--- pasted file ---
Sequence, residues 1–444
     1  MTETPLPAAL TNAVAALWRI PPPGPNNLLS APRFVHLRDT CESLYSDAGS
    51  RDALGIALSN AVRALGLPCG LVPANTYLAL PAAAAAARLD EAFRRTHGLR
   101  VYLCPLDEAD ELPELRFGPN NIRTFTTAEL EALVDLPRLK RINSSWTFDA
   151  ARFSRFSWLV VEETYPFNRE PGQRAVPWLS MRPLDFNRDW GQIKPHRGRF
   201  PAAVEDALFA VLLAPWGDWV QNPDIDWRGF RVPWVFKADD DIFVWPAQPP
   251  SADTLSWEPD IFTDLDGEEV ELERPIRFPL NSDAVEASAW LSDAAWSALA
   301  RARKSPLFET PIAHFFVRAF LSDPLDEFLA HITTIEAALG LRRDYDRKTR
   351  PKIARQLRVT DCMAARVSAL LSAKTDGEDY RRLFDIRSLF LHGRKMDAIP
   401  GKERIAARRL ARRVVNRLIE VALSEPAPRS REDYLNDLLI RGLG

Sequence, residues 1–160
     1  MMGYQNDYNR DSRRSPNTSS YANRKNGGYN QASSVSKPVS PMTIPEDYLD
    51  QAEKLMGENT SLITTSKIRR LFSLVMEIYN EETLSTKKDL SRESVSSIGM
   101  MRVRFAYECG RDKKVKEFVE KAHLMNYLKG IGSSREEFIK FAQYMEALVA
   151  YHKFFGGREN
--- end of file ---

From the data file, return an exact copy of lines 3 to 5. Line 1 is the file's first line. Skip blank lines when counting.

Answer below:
    51  RDALGIALSN AVRALGLPCG LVPANTYLAL PAAAAAARLD EAFRRTHGLR
   101  VYLCPLDEAD ELPELRFGPN NIRTFTTAEL EALVDLPRLK RINSSWTFDA
   151  ARFSRFSWLV VEETYPFNRE PGQRAVPWLS MRPLDFNRDW GQIKPHRGRF